Combating crises and communicating effectively with a nation through tough times is a vital responsibility of political leaders.
With the Australian Federal election just around the corner, our Communications team has looked back at some examples of effective and successful political crisis management, where nations turned to their leaders for help and assurance during some of their darkest days.
In 2011, Queensland was hit with the worst floods on record, with more than $440 million spent on the recovery effort. Then Premier Anna Bligh was hailed a hero for her leadership and grace under pressure during the flood crisis. Although being unpopular before the disaster struck, her calm and compassionate manner captured the broken hearts of many Queenslanders during this tough time.
Her words became a trending topic across the country, “We are Queenslanders. We’re the people that they breed tough, north of the border. We’re the ones that they knock down, and we get up again.”
New Zealand Prime Minister Jacinda Arden displayed a sense of strength and compassion in her response to the Christchurch terrorist attacks earlier this year. Following the worst mass killing in New Zealand’s modern history, Jacinda Arden brought the nation together, not only through her words, but through her actions.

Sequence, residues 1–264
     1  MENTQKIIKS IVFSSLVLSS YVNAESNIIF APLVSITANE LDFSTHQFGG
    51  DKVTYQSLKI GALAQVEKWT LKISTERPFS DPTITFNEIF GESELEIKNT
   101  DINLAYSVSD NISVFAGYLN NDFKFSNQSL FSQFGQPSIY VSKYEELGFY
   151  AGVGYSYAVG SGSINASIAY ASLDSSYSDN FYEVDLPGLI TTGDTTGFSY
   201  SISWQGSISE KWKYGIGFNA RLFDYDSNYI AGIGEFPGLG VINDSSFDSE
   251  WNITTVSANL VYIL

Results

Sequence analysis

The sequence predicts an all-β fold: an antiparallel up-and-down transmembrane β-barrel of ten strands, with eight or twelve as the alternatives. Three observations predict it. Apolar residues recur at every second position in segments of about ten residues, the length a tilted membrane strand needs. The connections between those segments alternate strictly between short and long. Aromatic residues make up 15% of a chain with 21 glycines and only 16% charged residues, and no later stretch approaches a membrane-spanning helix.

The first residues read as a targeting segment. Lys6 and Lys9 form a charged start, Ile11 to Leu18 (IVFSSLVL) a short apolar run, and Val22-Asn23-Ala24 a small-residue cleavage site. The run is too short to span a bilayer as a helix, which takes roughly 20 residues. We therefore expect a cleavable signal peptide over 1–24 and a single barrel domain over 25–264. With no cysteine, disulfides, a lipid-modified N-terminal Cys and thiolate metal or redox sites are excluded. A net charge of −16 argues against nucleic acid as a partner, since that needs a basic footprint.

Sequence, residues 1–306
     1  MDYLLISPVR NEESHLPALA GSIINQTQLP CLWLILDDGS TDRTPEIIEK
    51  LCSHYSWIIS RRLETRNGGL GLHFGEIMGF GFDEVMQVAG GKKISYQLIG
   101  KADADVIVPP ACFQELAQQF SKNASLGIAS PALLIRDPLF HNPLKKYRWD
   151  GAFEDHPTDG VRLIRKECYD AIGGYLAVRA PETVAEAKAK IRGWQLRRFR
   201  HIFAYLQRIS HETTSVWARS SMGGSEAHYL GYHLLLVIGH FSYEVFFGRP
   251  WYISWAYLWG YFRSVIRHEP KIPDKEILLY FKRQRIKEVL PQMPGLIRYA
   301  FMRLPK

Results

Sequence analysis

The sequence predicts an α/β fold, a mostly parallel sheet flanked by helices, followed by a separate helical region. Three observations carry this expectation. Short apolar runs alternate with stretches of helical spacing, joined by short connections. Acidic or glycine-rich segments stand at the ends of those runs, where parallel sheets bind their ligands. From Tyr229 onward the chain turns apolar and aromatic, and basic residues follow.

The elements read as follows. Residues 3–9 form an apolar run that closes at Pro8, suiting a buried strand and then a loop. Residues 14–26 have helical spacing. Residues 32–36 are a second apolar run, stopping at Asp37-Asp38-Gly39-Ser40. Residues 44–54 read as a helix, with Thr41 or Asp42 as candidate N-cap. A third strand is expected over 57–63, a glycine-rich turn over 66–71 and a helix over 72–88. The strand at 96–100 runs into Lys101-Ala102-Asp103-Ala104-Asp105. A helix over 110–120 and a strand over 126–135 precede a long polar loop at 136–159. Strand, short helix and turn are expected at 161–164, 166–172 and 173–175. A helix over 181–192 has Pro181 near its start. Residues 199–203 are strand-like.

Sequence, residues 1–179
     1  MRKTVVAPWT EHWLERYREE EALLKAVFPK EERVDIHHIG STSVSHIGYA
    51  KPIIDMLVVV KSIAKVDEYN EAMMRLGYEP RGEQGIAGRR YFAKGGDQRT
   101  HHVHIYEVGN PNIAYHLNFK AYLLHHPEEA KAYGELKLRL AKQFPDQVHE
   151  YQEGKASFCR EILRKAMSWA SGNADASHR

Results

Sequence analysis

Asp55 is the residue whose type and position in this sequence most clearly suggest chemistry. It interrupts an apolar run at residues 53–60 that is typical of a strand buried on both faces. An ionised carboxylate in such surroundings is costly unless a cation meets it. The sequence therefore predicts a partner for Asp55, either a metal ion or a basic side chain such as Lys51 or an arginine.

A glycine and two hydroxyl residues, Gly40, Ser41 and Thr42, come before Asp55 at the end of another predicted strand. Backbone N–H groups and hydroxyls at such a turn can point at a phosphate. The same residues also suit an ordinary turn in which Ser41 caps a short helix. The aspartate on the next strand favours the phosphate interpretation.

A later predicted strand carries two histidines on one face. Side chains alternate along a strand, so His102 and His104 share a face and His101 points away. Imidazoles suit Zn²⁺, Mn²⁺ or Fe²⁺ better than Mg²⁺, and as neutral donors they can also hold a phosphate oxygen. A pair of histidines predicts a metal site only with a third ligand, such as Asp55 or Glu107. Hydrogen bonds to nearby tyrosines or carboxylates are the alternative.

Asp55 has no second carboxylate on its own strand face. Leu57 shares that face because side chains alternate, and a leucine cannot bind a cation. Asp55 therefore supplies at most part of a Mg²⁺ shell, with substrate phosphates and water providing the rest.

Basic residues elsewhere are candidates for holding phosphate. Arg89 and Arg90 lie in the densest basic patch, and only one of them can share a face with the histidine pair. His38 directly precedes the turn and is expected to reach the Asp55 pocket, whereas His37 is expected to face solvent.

The now infamous image of Jacinda Ardern in a black headscarf, mourning with relatives and friends of the victims, not only captured national attention, but also made international headlines, sparking conversation about what a true leader looks like.
In October 2012, Hurricane Sandy pounded the East coast of the United States, severely impacting areas of New Jersey, New York and Connecticut. The US Federal Government implemented learnings from past natural disasters and were able to foresee impact areas and immediately send staff and resources to respond.
Millions of people lost power but could still access the Internet on mobile devices, and this became the focus of communications. Social media in particular provided a platform for emergency warnings, an avenue to promote community meetings, and a way to facilitate sharing of photos as the affected communities rebuilt.